DIÁLOGO:
During CANSEC 2015, you mentioned that you feel information-gathering and sharing is almost a utopia, because countries don’t share enough. What did you mean by that?

Commodore Hans Lodder:
I meant that you cannot expect a nation to share all the information with everyone who is playing on the field. That’s just impossible. What I meant to say is that, if you require information you tell someone, “Listen, in order to do my operation well, this is the information I require and then I can do this with that information.” Then it’s much easier to tell someone, “If that’s what you require, we can set up an arrangement for you to get that information. The more you want the more complex the arrangements become.” So instead of asking for a whole array that’s available, just ask for what you actually require for what you want to do with it. That makes it much easier and that’s what I meant with it, because if you want to go and say, “We want everything, nobody will do it.”

DIÁLOGO:
You participated in a mission in Somalia that involved counter piracy operations. How does it compare to your current mission?

Commodore Hans Lodder:
That’s the same kind of idea, basically. It is the needle in the haystack that you are looking for. I have been trained in the past to find Soviet submarines in the Northern Hemisphere, which was also the same kind of idea. So what I did by fighting pirates is I just used the tactics I learned to find Soviet submarines and that’s the same issue here. That’s a great thing of the military training they give people, it’s not something you learn for one specific task. If you used it and if you used it cleverly, you can use it in a much broader spectrum. So you can look at this whole idea and say okay, how would we approach finding drug smugglers in the area I am responsible for? It’s a big ocean and it’s a small ship. The Soviet submarine was in an enormous ocean and under water. We were still able to find them and that’s the same here, and that’s how I did it. In Somalia, we did the same.

DIÁLOGO:
How would you asses CANSEC 2015?

Commodore Hans Lodder:
This conference was great because it’s the way that you meet up with each other and the only way forward for the military to work together and inform each other. It’s not about only sharing information, but about informing each other, knowing each other and communicating. That’s the most important part.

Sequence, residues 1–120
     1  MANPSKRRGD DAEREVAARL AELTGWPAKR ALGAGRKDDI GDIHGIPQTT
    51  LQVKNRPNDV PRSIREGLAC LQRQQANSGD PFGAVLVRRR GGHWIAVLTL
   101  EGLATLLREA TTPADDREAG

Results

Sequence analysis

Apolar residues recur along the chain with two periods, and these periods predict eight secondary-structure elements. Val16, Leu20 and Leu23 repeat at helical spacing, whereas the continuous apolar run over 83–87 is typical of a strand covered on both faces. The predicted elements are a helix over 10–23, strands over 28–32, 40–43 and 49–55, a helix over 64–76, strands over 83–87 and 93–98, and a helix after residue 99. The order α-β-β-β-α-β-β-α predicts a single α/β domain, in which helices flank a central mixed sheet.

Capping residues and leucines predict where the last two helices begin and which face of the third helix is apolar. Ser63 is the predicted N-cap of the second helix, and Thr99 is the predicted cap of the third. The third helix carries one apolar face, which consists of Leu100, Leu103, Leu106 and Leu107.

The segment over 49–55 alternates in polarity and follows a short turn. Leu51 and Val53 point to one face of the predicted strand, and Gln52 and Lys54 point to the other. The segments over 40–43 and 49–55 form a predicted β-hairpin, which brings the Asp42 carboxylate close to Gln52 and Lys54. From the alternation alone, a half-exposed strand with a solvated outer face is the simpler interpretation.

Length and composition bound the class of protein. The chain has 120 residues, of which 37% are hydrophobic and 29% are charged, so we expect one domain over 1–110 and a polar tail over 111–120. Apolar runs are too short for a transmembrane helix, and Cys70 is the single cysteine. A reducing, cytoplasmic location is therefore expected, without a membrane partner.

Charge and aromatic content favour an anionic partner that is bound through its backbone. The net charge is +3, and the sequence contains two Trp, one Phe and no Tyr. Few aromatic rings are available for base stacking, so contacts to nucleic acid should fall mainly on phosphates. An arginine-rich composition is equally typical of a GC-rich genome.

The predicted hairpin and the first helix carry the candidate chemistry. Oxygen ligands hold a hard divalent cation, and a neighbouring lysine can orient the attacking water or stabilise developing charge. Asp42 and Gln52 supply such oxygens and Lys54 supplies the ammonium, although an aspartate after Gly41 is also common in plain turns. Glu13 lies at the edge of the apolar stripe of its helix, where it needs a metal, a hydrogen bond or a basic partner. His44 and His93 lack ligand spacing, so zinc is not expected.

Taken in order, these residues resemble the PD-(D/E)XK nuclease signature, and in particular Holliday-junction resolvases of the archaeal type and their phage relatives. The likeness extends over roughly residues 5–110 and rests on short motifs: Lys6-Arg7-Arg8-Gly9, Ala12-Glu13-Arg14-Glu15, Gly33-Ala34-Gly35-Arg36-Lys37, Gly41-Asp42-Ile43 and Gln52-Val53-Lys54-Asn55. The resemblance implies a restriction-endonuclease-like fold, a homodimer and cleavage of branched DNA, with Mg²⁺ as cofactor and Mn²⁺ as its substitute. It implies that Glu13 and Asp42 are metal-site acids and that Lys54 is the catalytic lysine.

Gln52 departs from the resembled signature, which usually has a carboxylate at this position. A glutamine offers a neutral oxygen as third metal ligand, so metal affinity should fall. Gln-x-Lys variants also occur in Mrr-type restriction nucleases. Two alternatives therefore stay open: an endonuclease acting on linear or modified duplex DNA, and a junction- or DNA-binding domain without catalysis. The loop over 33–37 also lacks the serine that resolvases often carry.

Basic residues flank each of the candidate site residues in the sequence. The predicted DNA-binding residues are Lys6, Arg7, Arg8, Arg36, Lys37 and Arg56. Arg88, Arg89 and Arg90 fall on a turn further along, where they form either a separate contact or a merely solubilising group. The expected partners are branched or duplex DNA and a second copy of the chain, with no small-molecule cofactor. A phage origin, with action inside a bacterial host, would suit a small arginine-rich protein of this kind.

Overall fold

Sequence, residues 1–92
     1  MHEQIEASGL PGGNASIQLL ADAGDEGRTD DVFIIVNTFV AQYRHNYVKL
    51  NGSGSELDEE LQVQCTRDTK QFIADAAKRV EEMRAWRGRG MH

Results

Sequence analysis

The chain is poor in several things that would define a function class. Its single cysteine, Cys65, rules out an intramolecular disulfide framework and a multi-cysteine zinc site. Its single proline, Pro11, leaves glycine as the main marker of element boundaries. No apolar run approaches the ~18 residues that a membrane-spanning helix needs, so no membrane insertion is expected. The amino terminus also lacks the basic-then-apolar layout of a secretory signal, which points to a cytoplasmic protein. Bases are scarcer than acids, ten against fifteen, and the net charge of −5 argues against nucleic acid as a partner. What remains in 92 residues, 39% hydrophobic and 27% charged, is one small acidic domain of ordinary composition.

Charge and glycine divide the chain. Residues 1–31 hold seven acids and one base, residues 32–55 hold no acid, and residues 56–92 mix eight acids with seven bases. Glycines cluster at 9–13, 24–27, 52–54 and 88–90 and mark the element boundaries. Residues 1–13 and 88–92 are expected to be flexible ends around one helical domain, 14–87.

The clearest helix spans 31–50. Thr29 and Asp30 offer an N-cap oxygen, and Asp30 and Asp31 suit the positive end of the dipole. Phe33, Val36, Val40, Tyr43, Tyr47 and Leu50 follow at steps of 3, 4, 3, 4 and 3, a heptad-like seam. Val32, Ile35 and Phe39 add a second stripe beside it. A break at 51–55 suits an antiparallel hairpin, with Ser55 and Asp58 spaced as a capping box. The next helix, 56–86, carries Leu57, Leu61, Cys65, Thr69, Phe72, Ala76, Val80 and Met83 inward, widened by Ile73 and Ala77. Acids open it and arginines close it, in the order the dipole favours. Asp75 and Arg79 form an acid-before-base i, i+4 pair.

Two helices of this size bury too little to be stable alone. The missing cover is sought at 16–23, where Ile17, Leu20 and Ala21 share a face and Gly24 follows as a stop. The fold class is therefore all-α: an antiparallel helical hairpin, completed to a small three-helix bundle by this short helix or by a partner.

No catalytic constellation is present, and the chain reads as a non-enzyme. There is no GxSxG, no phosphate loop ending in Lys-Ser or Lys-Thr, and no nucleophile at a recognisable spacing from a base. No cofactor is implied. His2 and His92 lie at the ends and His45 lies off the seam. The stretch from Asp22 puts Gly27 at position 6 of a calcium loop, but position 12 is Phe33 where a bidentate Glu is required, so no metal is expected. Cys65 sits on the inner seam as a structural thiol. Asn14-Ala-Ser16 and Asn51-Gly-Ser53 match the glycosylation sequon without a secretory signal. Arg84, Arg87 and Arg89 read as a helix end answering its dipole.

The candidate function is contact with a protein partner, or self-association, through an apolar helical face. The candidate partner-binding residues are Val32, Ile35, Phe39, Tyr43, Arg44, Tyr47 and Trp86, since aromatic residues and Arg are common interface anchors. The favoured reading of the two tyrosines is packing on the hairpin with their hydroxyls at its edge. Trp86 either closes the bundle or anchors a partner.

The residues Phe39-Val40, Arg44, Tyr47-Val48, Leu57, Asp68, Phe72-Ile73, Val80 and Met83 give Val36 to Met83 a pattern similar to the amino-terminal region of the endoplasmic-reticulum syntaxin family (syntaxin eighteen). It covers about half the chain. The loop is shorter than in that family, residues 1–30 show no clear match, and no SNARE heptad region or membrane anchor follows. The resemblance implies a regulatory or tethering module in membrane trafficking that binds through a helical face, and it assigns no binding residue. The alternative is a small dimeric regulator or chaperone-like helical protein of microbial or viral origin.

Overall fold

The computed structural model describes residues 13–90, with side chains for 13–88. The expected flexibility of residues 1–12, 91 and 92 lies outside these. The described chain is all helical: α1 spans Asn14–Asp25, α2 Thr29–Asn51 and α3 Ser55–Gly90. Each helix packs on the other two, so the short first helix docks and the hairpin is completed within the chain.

For some, the area of responsibility of the Netherlands Forces in the Caribbean, which encompasses the nations of Aruba, Curacao, and Saint Martin, as well as the dominions of Bonaire, Saba, and Sint Eustatius might sound like an idealized paradise, but in reality, patrolling their waters has become a daunting task since the amount of drugs trying to reach the United States multiplied in recent years.

To talk about this and other issues affecting the Dutch islands in the Caribbean, Diálogo
talked with Netherlands Navy Commodore Hans Lodder, Commander-in-Chief of the Netherlands Forces in the Caribbean and director of the Dutch Coast Guard in the Caribbean, during the XIII Caribbean Nations Security Conference (CANSEC 2015), in Nassau, Bahamas, during 20-23 January.

DIÁLOGO:
Your area of responsibility sounds very interesting and exciting, but it’s not a walk in the park, is it?

Commodore Hans Lodder:
No, it is not. It is indeed interesting; it is exciting, but it is a challenge because the three islands, Aruba, Bonaire, and Curacao are close to South America. The other three islands are about 600 to 800 miles away. It’s a rather large area with a lot of traffic and open to a lot of illegal traffic coming through.

DIÁLOGO:
What’s the significance of being close to South America?

Commodore Hans Lodder:
Being close to South American countries means that there is a lot of illicit trafficking from those nations coming up through the area I’m responsible for and making its way up to either North America or Europe, and that’s something we don’t really like, so we try to stop those in advance.

DIÁLOGO:
Do you think that the fact that Aruba and Curacao are rich islands attracts more drugs and drug dealers?

Commodore Hans Lodder:
Not really. What we are seeing is that they are used more as transfer ports. Of course, there is drug use in any nation, but the fact that they are so close to the source doesn’t mean there is more use of drugs than in any other nation. It’s more about how they are transporting them that is an issue, because they use these islands as a hub.

DIÁLOGO:
For an outsider, the Netherlands looks like a country that is very open with regard to drug use, including the presence of so-called coffee shops, where you can buy drugs freely. So what is the big concern in this region?

Commodore Hans Lodder:
There is a difference, I think. In the Netherlands, the politics on the use of soft drugs is that it’s not legal. However it’s—you can use soft drugs for your own use, that’s basically what we said. Hard drugs are still illegal, so we enforce the laws very strongly in reference to that. So it’s being seen by the outside world as a very open country where everybody does drugs. It’s absolutely not the case. It is controlled. Also, there are strict regulations with regard to the coffee shops, the owners of which have to abide by and if they don’t, they are closed down. We have laws on how you should open the coffee shop, but also which kind of people could buy things over there and so on. So it’s not as open-minded as some people think, and if you go over there, you can see it yourself. It is controlled, and we really are hard on the hard drugs because of all the criminality that comes with it.